The Department of Chemistry offers a research and thesis based Masters of Science program. The program requires a total of 36 credits, 12 credits of graduate course work, that is, the equivalent of 4 one term courses, and 24 credits for original research (this includes the research work, the thesis and the thesis defence). A passing grade of 60 is required in each course and a general average of 70 must be maintained.
A candidate with a BSc Honours degree must spend at least one calendar year to complete the program. Holders of non-Honours degrees will normally require two years to complete the program. All requirements for the MSc degree must be completed within 3 years of initial registration in the program. Time spent satisfying prerequisite requirements will not be counted as part of the three year period.
Normally, potential candidates must have the equivalent of our Honours BSc (see BSc Program Requirements at left) to be admitted to the MSc program. Potential candidates with the equivalent of our Advanced Majors degree will be considered, but will be required to upgrade their degree to our Honours level.
Please note, our graduate program does not have an open admission policy. To qualify for admission potential candidates must first obtain the agreement of a faculty member to supervise their research program. That faculty member will then help with the admission process and financial support. See the Faculty and Staff link at left for a list of faculty and links to their web pages.
See the StFX University Academic Calendar, section 6, for general admission requirements.
Departmental MSc Regulations and Requirements
A) As soon as possible after acceptance into the program the candidate should choose a research topic in consultation with the supervising member of faculty.
B) The Department shall appoint a Supervisory Committee which will include, but not be limited to, the research supervisor and at least one other member of the Department.
C) Courses will be chosen by the student after consultation with the Department and/or the Supervisory Committee. The student is expected to attend all Departmental seminars.
D) Within three months of enrolment the candidate, in conjunction with the supervisor, shall submit a research proposal to the Supervisory Committee. This written presentation shall be the basis for a Departmental seminar to be presented within four months of registration in the program.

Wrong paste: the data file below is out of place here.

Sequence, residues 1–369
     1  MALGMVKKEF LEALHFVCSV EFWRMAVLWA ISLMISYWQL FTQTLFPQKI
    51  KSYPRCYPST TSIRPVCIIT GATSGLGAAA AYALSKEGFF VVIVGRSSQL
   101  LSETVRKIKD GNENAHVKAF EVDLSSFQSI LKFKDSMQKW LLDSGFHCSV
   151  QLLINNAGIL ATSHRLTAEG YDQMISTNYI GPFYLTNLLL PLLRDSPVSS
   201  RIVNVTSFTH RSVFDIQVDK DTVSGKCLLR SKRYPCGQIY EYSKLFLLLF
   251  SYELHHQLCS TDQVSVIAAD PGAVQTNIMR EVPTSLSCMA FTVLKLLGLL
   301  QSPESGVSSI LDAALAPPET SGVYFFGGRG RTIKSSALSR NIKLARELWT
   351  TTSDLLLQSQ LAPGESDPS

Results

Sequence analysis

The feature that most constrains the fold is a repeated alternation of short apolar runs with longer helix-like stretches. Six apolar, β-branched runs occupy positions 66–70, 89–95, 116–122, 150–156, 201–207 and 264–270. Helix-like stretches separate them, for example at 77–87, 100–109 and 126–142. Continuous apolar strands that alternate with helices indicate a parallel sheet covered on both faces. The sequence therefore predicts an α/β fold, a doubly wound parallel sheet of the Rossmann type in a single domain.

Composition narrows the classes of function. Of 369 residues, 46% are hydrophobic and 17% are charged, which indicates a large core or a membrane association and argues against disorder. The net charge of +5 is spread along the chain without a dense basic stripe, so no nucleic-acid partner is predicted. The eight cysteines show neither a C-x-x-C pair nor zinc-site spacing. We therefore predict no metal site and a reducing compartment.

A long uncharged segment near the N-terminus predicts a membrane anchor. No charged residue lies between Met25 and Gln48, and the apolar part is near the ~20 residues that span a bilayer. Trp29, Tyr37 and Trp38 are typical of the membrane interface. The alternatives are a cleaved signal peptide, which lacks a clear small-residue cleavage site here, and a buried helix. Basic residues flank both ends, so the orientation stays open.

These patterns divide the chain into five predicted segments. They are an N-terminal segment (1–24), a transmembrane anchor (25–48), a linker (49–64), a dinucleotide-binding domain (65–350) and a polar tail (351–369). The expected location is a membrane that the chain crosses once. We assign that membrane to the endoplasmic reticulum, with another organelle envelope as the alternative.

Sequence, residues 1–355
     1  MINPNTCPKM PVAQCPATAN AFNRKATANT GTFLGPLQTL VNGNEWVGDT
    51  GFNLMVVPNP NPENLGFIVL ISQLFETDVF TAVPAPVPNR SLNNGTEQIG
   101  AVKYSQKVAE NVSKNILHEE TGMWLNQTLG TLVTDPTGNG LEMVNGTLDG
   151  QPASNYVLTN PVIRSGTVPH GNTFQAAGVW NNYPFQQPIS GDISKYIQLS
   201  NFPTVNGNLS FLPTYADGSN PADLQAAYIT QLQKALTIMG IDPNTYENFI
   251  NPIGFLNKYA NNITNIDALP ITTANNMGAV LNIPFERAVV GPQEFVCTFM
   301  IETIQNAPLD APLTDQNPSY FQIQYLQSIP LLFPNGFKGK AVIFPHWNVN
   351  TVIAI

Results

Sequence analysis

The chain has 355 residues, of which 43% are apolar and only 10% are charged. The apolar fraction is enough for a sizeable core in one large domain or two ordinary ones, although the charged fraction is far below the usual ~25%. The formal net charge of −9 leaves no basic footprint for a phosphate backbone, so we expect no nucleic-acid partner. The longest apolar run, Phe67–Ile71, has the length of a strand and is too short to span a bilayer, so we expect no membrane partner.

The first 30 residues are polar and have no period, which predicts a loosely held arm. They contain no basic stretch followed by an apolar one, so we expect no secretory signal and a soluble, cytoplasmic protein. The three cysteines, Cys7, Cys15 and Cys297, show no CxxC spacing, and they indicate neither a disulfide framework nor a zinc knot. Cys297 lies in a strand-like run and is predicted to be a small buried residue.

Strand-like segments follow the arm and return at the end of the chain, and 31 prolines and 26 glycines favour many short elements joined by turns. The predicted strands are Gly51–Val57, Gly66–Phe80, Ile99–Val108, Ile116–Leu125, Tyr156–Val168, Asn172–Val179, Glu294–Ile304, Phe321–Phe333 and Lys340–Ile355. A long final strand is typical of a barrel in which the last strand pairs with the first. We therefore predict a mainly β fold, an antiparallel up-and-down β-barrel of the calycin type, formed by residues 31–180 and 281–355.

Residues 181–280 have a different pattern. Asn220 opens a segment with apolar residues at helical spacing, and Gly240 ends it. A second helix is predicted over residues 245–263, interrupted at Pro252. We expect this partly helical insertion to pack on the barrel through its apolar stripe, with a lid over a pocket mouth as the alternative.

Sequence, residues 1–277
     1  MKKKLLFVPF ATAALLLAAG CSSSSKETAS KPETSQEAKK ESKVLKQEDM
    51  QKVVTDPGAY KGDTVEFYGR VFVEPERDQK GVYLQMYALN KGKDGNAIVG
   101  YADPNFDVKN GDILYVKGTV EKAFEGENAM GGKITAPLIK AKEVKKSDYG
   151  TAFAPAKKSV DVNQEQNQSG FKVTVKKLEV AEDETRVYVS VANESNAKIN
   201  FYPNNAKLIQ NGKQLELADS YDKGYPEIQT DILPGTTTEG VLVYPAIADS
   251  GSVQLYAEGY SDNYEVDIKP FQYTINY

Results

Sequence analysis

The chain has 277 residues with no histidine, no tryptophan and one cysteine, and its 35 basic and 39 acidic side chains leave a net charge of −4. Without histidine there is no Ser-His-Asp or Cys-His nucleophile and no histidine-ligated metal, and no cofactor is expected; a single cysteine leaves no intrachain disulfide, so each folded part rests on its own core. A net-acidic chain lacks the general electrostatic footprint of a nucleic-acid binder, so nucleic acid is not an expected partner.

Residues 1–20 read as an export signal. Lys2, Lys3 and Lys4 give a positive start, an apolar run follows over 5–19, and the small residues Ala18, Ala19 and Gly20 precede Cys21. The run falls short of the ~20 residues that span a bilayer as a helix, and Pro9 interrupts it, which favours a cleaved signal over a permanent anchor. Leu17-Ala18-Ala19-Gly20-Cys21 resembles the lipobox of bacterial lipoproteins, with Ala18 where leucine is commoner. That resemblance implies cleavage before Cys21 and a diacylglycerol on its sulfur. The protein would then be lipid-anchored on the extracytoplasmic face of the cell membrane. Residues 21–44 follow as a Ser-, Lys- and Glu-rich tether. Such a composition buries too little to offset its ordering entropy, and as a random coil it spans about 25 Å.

E) A thesis must be submitted based on the research undertaken. This thesis will be an account of the candidate's individual research, and must meet minimum standards both in the quality of content and style of presentation.
F) Thesis acceptance: The thesis will be reviewed by three referees chosen by the Supervisory Committee. These reviewers might include, but will not be limited to, members of the Committee (Please note this item is under review. The practice has become for the Supervisory Committee and an External Reviewer to evaluate the thesis.)
G) Thesis defence: This will take the form of a one-hour seminar and associated question period, in which the Supervisory Committee, and any reviewer present, will test the candidate's depth of understanding on subjects which are immediately relevant to the thesis.
H) Time limits: The candidate will normally be expected to complete all course and thesis requirements within three years of admission.
I) The thesis supervisor accepts the obligation to be available to the candidate for routine day to day advice.
J) The Supervisory Committee will meet at least once a year to review the candidate's progress. In exceptional cases either the candidate or any member of the Committee may call an emergency meeting.
K) The Supervisory Committee will be exclusively responsible for the decision to forward a thesis to external or other reviewers.
L) The award of the degree of M.Sc. in Chemistry will be based on courses, thesis and research performance. In particular the Supervisory Committee, and the research supervisor, will attest that the degree candidate has met those criteria of original thought, flexibility, and independence, deemed necessary for a professional research scientist.